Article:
• #26
    • January 20, 2020, at 6:25 AM PST
    • 2 likes
  27. Kephalithos Member

    She (View Comment): First, handwriting went by the board, and turned into illegible and higgledy-piggeldy scribbles, or all caps, and now, even literate communication through the keyboard seems largely to have gone with the wind, as punctuation, capitalization, grammar, syntax, and clarity are all sacrificed for speed and impact, and as those of us who make even the least bit of a fuss are excoriated as privileged and joyless scolds, and as grammar you-know-whats.

    It’s worse than that.

    Those of us who cling bitterly to our commas and capitals aren’t just dismissed as uptight scolds; we’re accused of breaching the social contract. We’re psychoanalyzed as “insincere” and “cold” (and probably psychopathic) — merely because we’ve decided not to take part in the race to the bottom which is Internet communication; merely because we’ve exempted ourselves from the performative sloppiness of modern society.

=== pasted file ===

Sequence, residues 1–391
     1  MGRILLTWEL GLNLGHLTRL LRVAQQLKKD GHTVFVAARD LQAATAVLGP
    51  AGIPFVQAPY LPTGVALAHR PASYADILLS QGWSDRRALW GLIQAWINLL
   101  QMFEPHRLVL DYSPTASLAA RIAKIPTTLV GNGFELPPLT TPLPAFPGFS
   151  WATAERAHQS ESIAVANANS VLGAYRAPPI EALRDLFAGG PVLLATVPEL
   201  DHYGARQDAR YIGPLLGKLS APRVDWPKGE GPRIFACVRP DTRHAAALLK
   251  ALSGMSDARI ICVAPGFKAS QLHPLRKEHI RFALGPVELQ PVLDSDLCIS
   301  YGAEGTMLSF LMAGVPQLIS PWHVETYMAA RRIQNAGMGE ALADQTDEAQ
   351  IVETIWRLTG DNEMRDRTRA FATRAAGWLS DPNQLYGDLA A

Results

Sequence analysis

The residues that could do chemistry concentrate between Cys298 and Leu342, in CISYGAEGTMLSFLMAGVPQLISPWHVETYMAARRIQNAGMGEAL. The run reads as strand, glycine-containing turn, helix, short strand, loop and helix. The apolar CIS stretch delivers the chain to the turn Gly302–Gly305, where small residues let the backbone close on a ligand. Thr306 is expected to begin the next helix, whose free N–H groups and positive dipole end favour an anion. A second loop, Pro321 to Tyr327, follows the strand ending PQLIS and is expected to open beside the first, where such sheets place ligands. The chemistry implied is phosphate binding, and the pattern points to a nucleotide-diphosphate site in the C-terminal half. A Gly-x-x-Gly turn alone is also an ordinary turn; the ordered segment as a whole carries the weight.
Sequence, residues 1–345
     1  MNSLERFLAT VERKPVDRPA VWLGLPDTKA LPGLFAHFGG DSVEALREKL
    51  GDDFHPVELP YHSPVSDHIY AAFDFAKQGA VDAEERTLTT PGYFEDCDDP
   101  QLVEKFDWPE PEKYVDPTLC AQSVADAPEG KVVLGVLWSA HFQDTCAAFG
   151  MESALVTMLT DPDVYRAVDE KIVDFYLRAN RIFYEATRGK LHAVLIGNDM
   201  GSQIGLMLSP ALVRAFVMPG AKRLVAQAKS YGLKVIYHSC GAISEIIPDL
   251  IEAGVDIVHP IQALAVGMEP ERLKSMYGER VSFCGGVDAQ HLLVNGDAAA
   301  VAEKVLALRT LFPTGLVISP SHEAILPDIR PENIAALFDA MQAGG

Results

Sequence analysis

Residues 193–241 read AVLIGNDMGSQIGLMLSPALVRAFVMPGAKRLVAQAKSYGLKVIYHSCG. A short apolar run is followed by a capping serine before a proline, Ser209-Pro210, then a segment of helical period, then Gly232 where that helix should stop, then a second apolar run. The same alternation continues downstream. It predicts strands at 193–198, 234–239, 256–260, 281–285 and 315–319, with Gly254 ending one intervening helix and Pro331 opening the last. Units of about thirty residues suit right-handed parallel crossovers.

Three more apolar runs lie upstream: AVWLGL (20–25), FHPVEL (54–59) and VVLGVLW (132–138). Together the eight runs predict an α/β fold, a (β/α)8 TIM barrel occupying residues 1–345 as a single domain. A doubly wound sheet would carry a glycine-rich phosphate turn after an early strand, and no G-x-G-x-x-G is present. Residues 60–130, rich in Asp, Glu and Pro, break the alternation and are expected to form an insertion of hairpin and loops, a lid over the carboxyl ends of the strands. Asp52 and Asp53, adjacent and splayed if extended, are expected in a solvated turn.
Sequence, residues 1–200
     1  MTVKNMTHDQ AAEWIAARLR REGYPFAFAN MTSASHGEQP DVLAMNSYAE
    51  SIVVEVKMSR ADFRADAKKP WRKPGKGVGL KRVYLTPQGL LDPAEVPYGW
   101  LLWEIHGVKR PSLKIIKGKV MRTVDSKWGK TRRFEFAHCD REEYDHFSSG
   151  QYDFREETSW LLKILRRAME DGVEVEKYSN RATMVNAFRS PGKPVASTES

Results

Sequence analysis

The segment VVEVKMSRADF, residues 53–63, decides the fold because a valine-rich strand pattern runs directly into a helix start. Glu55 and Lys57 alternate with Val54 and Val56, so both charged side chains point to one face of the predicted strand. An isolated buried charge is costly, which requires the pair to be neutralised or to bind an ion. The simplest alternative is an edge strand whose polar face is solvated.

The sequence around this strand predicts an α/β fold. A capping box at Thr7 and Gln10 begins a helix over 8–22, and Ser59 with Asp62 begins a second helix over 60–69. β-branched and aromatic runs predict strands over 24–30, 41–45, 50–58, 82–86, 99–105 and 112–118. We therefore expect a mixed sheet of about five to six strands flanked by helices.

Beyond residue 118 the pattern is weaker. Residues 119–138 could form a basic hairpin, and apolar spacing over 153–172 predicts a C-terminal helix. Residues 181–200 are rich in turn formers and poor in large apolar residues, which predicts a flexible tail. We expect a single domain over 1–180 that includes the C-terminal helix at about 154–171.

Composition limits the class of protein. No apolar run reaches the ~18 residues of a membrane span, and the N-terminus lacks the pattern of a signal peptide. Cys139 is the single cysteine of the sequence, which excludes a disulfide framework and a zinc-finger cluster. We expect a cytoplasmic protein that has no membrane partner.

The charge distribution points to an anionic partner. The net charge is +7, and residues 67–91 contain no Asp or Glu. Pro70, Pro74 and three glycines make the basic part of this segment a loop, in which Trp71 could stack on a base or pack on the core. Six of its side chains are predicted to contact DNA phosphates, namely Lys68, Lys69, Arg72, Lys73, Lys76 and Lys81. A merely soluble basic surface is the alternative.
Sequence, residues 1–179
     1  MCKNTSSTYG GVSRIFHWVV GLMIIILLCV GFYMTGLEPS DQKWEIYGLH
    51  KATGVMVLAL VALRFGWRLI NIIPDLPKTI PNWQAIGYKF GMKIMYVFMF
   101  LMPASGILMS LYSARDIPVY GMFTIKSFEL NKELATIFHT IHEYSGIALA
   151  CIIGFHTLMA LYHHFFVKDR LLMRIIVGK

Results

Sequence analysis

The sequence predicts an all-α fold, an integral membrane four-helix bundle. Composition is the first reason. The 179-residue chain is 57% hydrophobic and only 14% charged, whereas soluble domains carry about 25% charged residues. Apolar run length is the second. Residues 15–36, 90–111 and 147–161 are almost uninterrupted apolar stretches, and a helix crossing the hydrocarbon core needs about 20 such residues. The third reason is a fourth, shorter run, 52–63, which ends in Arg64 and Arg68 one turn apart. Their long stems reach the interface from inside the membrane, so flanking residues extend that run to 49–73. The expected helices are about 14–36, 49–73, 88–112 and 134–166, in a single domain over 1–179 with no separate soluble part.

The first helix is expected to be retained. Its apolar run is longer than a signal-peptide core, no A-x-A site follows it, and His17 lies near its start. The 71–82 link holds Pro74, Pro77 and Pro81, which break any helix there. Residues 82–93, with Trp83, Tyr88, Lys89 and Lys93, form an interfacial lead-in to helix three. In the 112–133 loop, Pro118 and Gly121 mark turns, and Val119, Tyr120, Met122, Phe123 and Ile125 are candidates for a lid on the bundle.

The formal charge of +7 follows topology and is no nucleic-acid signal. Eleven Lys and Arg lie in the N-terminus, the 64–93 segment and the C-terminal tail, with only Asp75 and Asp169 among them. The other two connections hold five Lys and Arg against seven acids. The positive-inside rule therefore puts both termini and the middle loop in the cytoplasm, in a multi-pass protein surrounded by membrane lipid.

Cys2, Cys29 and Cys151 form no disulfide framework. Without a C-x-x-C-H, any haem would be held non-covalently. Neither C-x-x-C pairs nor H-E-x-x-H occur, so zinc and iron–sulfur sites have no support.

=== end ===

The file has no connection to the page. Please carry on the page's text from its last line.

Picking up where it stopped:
Fine, I say. I’ll take these people’s insults as compliments. As Roger Scruton once said, it’s sometimes good to be disliked. And it’s especially good to be disliked by Twitter addicts and tech-savvy kids.

    • #27
    • January 20, 2020, at 6:57 AM PST
    • 3 likes
  28. She Reagan
    She Joined in the first year of Ricochet Ricochet Charter Member